Before & After: Overhead Light Gets Luxe Starburst Treatment for $13

published Jun 22, 2015
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(Image credit: Overstock)

In terms of basic overhead lighting, Alison’s fixtures were unoffensive and unobtrusive. But that didn’t mean she didn’t want more style from them. Inspired by a $750 fixture, she used some spray paint and skewers to create a flush focal point:

(Image credit: Alison)

From Alison:

Our condo came with
standard builder-grade light fixtures (the same as the one in the “Before” picture), which were inoffensive but also super boring. We replaced most of them with pendant or hanging lights, but our hallway needed a low-profile flush mount for clearance reasons, so I decided to try to upgrade the one already there.

My inspiration was the
Global Views Sunburst light fixture in gold. I loved it when I saw it online, but it costs a stomach-churning $750 (yeah, hell no). Over the past few years, a bunch of high-quality-looking DIY starburst mirrors and lights have popped up on the web that use paint sticks or bamboo skewers, so I decided to try that technique with my ceiling light.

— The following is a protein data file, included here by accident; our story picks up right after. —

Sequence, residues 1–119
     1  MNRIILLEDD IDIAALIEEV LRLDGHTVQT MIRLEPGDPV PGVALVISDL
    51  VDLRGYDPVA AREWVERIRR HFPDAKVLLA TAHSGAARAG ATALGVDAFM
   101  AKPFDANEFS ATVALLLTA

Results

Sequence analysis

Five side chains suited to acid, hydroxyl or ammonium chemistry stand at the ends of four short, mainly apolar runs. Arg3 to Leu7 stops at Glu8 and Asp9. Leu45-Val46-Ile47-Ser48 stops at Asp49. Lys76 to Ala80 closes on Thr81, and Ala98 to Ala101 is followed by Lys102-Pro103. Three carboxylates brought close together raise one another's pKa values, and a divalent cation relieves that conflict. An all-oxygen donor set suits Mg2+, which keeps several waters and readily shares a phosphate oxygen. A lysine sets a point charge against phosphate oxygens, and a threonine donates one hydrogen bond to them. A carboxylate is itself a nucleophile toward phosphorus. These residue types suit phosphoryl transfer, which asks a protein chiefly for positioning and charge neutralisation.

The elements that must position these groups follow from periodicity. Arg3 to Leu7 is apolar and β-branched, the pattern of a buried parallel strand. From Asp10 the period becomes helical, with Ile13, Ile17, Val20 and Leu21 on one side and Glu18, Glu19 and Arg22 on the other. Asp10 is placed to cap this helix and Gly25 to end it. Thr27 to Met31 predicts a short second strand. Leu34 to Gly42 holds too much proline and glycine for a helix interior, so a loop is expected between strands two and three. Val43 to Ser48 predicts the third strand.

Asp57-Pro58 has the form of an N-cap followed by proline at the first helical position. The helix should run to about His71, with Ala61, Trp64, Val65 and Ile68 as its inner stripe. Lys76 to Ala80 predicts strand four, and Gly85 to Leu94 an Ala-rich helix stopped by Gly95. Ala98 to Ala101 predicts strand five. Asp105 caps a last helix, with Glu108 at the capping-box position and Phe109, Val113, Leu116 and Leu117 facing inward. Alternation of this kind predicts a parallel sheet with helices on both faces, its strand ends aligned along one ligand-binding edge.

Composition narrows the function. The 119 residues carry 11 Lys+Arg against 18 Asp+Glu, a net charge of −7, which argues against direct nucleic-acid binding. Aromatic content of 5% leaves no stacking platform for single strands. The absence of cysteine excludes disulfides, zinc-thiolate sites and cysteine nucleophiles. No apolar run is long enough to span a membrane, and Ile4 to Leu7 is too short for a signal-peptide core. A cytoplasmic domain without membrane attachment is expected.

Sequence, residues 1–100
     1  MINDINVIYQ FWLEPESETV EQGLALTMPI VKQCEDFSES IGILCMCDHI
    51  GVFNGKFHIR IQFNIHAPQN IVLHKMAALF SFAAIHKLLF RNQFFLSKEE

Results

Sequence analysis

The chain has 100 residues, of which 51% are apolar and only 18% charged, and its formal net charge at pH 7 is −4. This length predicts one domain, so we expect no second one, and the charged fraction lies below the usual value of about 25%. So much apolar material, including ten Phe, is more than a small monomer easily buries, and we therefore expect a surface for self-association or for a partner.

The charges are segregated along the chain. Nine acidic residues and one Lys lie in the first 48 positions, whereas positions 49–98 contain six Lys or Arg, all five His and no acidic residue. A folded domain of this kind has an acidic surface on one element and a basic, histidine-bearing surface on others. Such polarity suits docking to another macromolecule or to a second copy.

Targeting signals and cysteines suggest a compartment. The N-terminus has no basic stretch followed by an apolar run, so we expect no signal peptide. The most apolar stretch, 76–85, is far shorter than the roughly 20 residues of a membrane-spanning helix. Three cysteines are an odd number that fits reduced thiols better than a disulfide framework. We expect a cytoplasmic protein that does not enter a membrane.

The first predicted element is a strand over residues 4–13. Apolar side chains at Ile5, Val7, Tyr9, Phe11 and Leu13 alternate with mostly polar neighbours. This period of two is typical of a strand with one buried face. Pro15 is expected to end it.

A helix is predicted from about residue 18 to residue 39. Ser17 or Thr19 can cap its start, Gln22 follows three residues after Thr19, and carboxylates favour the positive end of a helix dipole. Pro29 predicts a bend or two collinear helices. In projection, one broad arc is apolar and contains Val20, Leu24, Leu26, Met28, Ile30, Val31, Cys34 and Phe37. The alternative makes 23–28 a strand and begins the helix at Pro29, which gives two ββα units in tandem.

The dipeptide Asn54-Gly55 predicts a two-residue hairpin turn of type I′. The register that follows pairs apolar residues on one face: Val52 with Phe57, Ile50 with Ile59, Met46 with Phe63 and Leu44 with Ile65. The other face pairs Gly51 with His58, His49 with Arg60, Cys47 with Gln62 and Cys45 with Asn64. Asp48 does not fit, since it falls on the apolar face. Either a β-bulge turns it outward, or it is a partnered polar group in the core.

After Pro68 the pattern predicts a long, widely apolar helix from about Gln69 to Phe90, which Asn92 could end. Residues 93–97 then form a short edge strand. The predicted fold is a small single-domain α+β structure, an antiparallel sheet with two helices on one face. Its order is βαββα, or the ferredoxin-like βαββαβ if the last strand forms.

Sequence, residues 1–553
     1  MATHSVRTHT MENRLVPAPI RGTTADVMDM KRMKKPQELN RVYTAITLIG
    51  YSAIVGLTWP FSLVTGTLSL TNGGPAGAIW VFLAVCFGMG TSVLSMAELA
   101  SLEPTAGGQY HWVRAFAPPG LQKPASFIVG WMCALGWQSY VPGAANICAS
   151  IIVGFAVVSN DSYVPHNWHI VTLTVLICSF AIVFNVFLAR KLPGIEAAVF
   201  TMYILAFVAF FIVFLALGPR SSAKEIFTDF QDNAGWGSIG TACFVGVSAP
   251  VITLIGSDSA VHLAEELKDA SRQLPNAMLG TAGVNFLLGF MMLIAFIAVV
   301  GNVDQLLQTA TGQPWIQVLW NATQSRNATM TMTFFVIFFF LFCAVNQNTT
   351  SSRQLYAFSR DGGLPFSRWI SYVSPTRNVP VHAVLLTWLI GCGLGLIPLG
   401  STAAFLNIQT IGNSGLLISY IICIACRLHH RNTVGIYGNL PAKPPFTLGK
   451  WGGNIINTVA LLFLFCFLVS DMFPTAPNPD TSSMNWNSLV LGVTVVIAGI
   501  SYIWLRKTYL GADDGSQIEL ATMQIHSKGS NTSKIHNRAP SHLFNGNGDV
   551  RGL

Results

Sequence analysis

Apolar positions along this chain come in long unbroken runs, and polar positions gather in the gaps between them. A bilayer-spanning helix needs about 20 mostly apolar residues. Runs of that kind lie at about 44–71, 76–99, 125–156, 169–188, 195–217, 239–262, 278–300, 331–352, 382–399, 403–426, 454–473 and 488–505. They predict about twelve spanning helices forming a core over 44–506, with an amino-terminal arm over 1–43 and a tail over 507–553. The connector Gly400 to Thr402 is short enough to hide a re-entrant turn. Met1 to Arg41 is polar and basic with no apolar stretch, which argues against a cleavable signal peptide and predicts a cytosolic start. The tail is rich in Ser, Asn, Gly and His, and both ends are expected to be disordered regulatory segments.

I bought a 75-pack of 12” bamboo skewers (~$5) and a can of Rust-Oleum Bright Coat Metallic Finish (~$8) in gold, then spray-painted the skewers and the circular collar of the light fixture. I knew that I wanted the sunburst rays to be as thickly clustered as possible since that would make it look richer, so I roughed out a pattern with 12 terminal points (like a clock), then clipped the ends of the skewers to approximately the right lengths.

Then I reattached the electrical and the fixture base, leaving the base slightly loose, then stuck in the skewers by hand, starting with the 12 terminal points and then back-filling the Vs. (I was originally going to glue them, but they ended up staying in place just by pressure.) When I was finished, I tightened the screws holding the fixture up as much as possible, then made some small adjustments to even out the pattern.

The arranging did take a couple of hours and caused some neck cricks, but I really love the way it turned out! It’s low-profile so people don’t always notice it, but nobody ever guesses it’s made of such simple materials! And $13 beats $750 any day of the week.

Thank you Alison!